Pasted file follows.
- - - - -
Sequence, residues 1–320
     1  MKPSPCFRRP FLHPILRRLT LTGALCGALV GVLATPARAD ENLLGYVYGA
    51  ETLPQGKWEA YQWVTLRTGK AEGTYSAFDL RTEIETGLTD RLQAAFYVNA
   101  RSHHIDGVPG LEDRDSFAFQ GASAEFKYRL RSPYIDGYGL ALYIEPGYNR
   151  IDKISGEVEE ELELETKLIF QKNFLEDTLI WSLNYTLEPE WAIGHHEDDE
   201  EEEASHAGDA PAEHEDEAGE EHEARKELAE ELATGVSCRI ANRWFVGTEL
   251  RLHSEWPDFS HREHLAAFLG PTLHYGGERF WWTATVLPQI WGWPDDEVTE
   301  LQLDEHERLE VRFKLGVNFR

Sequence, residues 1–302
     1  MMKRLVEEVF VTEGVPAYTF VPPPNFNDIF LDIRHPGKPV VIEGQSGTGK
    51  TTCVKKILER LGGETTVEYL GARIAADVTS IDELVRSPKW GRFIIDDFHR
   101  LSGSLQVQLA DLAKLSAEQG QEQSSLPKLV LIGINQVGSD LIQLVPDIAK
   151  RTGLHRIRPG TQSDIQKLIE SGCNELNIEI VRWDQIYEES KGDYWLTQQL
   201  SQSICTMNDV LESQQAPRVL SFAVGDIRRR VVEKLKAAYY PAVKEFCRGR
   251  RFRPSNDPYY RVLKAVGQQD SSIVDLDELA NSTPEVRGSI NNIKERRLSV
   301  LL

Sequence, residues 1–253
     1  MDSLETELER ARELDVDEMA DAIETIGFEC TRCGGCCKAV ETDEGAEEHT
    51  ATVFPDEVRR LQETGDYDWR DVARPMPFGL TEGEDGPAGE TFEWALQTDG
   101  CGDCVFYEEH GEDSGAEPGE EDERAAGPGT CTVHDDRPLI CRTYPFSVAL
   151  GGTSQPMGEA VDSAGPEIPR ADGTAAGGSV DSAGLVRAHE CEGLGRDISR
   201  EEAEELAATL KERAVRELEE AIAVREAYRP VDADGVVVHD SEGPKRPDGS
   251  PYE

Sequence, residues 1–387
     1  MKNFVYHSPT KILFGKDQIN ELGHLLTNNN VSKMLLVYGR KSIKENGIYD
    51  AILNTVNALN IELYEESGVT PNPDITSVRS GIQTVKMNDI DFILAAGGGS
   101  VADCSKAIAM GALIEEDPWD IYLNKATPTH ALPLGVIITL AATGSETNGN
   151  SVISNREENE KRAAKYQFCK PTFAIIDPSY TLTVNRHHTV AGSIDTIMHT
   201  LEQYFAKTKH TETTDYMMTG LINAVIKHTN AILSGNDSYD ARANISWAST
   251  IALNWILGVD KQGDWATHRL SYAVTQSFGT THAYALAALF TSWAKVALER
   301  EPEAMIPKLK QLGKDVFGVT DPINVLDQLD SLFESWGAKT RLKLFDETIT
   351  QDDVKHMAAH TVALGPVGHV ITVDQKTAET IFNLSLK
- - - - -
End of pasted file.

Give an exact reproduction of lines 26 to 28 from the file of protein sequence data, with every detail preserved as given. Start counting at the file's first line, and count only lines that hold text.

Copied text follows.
    51  AILNTVNALN IELYEESGVT PNPDITSVRS GIQTVKMNDI DFILAAGGGS
   101  VADCSKAIAM GALIEEDPWD IYLNKATPTH ALPLGVIITL AATGSETNGN
   151  SVISNREENE KRAAKYQFCK PTFAIIDPSY TLTVNRHHTV AGSIDTIMHT